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Inherited syndrome with craniofacial dysmorphism and skeletal and other anomalies. Frequently associated with respiratory failure in the neonatal period.

Multisynostotic Osteodysgenesis with Long Bone Fractures; Trapezoidocephaly-Synostosis Syndrome.

First description in 1975 by Ray M. Antley and David Bixler, two American physicians.

Inherited as an autosomal recessive genetic trait. A few cases may be sporadic or transmitted as an autosomal dominant trait. Parental consanguinity is a known risk factor.

The flavoprotein POR (cytochrome P-450 [oxido]reductase) is the electron donator for all microsomal P-450 enzymes. Mutations in this POR gene could be demonstrated in patients with Antley-Bixler syndrome. The lack or malfunction of POR may result in accumulation of drugs and environmental toxins usually metabolized by hepatic cytochrome P-450, which may result in levels high enough to cause teratogenicity. Fluconazole is one drug that has been implicated in the pathogenesis of Antley-Bixler syndrome. This genetic defect has been mapped to 7q.11.2. The role of a mutation in the FGF-2 gene, which initially was suspected to be the cause of this disorder, now seems less certain. Abnormalities of the steroid biogenesis have been reported and seem to be at least partly responsible for the genital anomalies found in female patients.

Based on clinical findings of trapezoidocephaly and multiple skeletal fusion. Craniofacial anomalies result in severe upper airway obstruction that can lead to death secondary to respiratory failure at birth or in the first weeks of life in approximately 50% of cases.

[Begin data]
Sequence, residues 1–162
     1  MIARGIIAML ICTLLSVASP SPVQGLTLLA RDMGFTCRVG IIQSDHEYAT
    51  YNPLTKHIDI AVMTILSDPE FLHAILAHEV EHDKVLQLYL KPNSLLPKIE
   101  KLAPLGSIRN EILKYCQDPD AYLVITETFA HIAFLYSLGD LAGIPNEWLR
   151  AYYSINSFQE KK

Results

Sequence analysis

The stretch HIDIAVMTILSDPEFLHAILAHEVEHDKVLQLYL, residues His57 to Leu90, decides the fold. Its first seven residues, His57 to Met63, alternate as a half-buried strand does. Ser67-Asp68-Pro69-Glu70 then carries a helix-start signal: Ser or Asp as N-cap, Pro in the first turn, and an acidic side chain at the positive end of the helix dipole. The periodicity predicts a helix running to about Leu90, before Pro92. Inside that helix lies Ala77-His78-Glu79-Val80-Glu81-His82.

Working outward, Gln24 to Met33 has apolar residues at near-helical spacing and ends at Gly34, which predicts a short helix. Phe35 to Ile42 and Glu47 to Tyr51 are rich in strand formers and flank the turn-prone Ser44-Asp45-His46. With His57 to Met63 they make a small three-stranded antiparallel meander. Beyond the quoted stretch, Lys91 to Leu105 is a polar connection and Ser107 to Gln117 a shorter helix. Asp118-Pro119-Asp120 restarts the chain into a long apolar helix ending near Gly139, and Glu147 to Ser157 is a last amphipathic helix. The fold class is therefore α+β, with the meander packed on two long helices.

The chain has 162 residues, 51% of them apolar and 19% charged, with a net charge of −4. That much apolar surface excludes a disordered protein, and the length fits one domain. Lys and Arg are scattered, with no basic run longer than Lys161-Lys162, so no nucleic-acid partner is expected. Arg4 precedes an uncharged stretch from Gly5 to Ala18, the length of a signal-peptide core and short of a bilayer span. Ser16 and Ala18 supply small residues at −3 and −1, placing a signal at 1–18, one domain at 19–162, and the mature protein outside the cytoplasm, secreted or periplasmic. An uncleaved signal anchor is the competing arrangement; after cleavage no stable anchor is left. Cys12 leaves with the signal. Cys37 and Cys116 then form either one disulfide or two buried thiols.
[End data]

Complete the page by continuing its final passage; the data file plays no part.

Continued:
Multiple malformations predominately involve the head: severe midface hypoplasia, frontal bossing, craniosynostosis, brachycephaly, low-set dysplastic ears, small nose with low nasal bridge, anteverted nares, and choanal atresia are common. Acrocephaly, flat supraorbital ridges, proptosis, down-slanted palpebral fissures, hypertelorism, paresis of ocular muscles, cleft soft palate with bifid uvula, microstoma, and long philtrum are less common findings. Skeletal findings include narrowing of the rib cage, abnormal vertebrae, pelvic anomalies (narrow iliac wings), absent or abnormal (bowing) femora, radioulnar and radiohumeral synostosis, restricted joint mobility secondary to contractures, camptodactyly, arachnodactyly, talipes varus or valgus, and multiple fractures. Congenital fractures (in some cases multiple) have been described. Congenital cardiac defects (e.g., atrial septal defect), anomalies of the urinary tract (renal agenesis) and external female genitalia (vaginal atresia, hypoplastic labia majora, agglutinated labia minora), and imperforate anus may occur. Intellectual status can be normal, but variable degrees of mental retardation and hydrocephalus have been reported.

Evaluate the airway carefully (clinically, radiographically, eventually use fiberoptic examination). Check overall joint mobility (particularly neck mobility and mouth opening). Determine neurologic status and rule out cardiac anomalies (clinically, echocardiographically, electrocardiographically). Check renal function (creatinine, BUN).

Airway management (mask ventilation, direct laryngoscopy, tracheal intubation) can be difficult because of facial malformations, as reflected by high mortality in the first weeks of life secondary to respiratory complications. Choanal atresia may require emergency tracheostomy at birth. Maintenance of spontaneous ventilation and ...

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